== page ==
Bridging the Knowing-Doing Gap: Improving Use of Guideline-Recommended Secondary Prevention Therapy | Journal Scan

Study Questions:

Among patients with complex coronary artery disease (CAD) in the SYNTAX trial, what is the use of optimal medical therapy (OMT) after revascularization and its association with clinical outcomes?


This was a post hoc analysis of the SYNTAX trial, a prospective, multicenter, randomized trial to compare percutaneous coronary intervention (PCI) against coronary artery bypass grafting (CABG) in patients with complex CAD (left main and/or three-vessel disease). Eligible patients were randomized to CABG or PCI with the TAXUS Express paclitaxel-eluting stent. Medication status was checked at the time of randomization; discharge; and 1-month, 6-month, 1-year, 3-year, and 5-year follow-up. OMT was defined as the combination of at least one antiplatelet drug, statin, beta-blocker, and angiotensin-converting enzyme inhibitor/angiotensin-receptor blocker (ACE-I/ARB). The study endpoint was the impact of OMT on mortality at 5-year follow-up.


Information on medication status was available in 1,774 (98.6%) participants. Only 29.1% of patients were taking OMT before revascularization and 41.3% at the time of discharge after revascularization. Although OMT was initially higher in PCI-treated patients (50.2% in PCI patients and 31.2% in CABG patients), at 5-year follow-up, the use of OMT was similar and low in both groups (PCI 39.6% and CABG 35.7%). Compared to OMT patients, non-OMT patients had different comorbidities including chronic obstructive pulmonary disease (COPD), peripheral vascular disease, or higher SYNTAX score/EuroSCORE. The use of OMT was associated with a significant reduction in 5-year mortality (hazard ratio [HR], 0.64; 95% confidence interval [CI], 0.48-0.85; p = 0.002).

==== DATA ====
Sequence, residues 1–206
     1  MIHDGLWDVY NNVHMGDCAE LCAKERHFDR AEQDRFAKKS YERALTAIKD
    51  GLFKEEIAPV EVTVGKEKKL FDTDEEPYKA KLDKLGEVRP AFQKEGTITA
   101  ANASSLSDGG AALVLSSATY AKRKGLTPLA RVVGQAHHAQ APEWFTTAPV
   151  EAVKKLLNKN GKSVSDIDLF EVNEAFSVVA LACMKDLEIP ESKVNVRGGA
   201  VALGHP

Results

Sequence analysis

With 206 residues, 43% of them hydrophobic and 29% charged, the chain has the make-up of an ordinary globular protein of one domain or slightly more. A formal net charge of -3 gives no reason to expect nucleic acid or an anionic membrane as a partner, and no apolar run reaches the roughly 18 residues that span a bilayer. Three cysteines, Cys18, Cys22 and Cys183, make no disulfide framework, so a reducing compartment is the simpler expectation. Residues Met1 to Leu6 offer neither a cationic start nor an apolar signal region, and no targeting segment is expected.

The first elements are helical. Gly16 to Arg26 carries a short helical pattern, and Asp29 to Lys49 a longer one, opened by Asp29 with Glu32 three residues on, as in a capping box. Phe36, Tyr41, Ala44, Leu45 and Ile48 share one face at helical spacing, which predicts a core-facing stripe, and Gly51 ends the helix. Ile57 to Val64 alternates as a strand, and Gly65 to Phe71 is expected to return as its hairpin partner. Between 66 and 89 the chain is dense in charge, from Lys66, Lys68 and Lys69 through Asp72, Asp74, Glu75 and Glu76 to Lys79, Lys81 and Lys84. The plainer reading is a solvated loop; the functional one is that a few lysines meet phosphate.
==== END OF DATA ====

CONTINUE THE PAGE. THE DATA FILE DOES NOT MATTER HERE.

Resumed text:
In a post hoc study of the SYNTAX trial, just over one-third of patients who underwent revascularization for complex CAD were receiving OMT at 5-year follow-up.


This is an interesting study that draws attention to the critical issue of nonadherence and gaps in the use of secondary prevention. Lack of OMT was associated with 5-year mortality. The benefits of OMT were sustained through 5-year follow-up; as the authors posit, ‘It is therefore likely that OMT exerted its beneficial effects by reducing progression of coronary disease and the propensity for new plaque ruptures in noninstrumented or nonbypassed coronary segments.’ Future efforts and interventions should aim to improve use of OMT; consolidated therapy with a polypill is one approach that has been shown to improve adherence.

Clinical Topics: Cardiac Surgery, Invasive Cardiovascular Angiography and Intervention, Prevention, Vascular Medicine, Atherosclerotic Disease (CAD/PAD), Aortic Surgery, Cardiac Surgery and Arrhythmias, Interventions and Coronary Artery Disease, Interventions and Vascular Medicine

Keywords: Coronary Artery Bypass, Percutaneous Coronary Intervention, Coronary Artery Disease, Angiotensin-Converting Enzyme Inhibitors, Drug-Eluting Stents, Stents, Peripheral Vascular Diseases, Platelet Aggregation Inhibitors, Pulmonary Disease, Chronic Obstructive, Secondary Prevention, Comorbidity, Prospective Studies, Follow-Up Studies

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